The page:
Intel unveils five new Compute Stick models last month, including three models with Core-M Skylake processors, and two models with Intel Atom x5-Z8300 processor: one with Windows 10 (STK1AW32SC), one without operating system (STK1A32SC). The Skylake model are not available yet, but the Windows 10 version can now be purchased for around $150 on Amazon, Newegg, and CDW.
The specifications have not changed since the announcement, but it’s always good to refresh once memory:
- SoC – Intel Atom x5-Z8300 Quad-Core “Cherry Trail” processor @ 1.44 GHz/1.84 GHz and Intel HD Gen8 Graphics
- System Memory – 2 GB DDR3L @ 1600MHz
- Storage – 32 GB eMMC + micro SDXC v3.0 slot with UHS I-Support up to 128GB
- Video & Audio Output – HDMI 1.4b
- Connectivity – 802.11 b/g/n/ac Wi-Fi and Bluetooth 4.0 (via Intel Dual Band Wireless-AC 7265)
- USB – 1x USB 3.0 port, 1x USB 2.0 port, 1x micro USB port for power
- Misc – Power button, security notch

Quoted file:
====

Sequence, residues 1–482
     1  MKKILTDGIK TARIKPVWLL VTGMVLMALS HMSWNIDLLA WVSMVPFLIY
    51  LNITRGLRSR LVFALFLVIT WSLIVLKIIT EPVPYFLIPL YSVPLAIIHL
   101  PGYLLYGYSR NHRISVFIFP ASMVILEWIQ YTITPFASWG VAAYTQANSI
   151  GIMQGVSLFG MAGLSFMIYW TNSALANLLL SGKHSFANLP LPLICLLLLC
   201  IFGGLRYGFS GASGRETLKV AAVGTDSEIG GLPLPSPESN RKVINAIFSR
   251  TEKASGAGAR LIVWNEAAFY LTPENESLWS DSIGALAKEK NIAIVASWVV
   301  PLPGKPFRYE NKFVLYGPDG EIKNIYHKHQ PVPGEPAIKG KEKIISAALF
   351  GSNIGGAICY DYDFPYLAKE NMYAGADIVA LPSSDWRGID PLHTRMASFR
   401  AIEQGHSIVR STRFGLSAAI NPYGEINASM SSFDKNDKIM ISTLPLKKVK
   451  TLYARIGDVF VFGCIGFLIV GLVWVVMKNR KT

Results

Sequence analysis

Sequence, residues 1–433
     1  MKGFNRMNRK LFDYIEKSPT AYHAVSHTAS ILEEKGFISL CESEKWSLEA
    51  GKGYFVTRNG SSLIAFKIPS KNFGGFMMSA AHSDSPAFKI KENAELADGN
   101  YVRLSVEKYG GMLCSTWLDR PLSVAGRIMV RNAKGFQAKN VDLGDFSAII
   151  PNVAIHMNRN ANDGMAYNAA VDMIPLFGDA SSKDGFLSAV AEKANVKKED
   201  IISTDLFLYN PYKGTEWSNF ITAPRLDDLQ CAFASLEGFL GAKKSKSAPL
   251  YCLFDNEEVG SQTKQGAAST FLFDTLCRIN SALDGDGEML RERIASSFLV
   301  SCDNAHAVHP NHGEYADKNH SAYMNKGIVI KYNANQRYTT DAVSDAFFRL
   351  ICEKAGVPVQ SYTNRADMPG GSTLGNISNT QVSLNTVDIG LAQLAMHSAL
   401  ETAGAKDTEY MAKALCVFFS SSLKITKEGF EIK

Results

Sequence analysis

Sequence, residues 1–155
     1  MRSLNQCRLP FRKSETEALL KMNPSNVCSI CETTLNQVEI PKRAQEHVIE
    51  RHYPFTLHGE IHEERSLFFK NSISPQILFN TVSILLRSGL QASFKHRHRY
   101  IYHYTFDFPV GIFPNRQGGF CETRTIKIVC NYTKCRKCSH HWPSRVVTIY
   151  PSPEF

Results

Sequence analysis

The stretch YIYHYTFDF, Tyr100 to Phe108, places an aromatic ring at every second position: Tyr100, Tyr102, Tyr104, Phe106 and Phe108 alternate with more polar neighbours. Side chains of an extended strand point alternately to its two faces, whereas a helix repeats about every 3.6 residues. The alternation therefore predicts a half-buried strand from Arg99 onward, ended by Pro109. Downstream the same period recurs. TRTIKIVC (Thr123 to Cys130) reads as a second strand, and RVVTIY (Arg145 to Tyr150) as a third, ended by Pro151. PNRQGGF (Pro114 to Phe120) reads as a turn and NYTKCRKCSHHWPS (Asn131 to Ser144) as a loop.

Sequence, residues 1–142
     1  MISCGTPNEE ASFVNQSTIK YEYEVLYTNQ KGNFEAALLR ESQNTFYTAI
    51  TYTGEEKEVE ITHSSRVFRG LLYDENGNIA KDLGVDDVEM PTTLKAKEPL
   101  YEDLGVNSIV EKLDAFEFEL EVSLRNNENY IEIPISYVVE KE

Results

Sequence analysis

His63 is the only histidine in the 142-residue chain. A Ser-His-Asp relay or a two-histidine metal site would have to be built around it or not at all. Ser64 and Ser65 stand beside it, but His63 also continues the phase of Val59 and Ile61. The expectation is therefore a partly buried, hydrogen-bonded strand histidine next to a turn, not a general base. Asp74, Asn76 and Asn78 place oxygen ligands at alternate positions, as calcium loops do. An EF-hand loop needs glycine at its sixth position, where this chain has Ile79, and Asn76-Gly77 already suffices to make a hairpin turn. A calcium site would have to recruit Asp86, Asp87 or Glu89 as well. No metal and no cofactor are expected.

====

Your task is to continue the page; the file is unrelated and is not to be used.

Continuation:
- Power Supply – 5V/3A via micro USB port.
- Dimensions – 113 mm x 38 mm x 12 mm
If you’d like to know how it performs before purchasing the TV stick, Liliputing reviewed the device, and unsurprisingly he found very little performance improvements over the previous model, except for WiFi which supports 802.11ac instead of only 802.11n. He found that the extra USB 3.0 port was also a nice addition, but felt use cases for that form factor are limited.
Now let’s say you are interested in this device, but you could not care less about Windows 10, and plan to run Ubuntu or other Linux distributions on it. There are two issues with that:
- The likely cheaper model without operating system is nowhere to be seen, so you are probably paying a little extra ($25) to get the privilege of deleting Windows 10.
- Unless things have changed since I tested Ubuntu in Tronsmart Ara X5, also based on x5-Z8300 processor, Intel Cherry Trail processor family is not fully supported in Linux, and features like HDMI audio are not supported, and graphics drivers did not work very well at all at 4K resolution.
Jean-Luc started CNX Software in 2010 as a part-time endeavor, before quitting his job as a software engineering manager, and starting to write daily news, and reviews full time later in 2011.